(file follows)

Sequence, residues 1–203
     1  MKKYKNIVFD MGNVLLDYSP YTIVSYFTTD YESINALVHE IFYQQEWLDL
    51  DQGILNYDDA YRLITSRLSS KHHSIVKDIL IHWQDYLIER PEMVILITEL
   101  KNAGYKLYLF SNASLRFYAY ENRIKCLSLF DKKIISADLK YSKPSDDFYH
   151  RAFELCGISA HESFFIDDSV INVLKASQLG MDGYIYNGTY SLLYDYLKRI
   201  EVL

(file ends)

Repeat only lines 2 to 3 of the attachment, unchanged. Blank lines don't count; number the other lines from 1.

     1  MKKYKNIVFD MGNVLLDYSP YTIVSYFTTD YESINALVHE IFYQQEWLDL
    51  DQGILNYDDA YRLITSRLSS KHHSIVKDIL IHWQDYLIER PEMVILITEL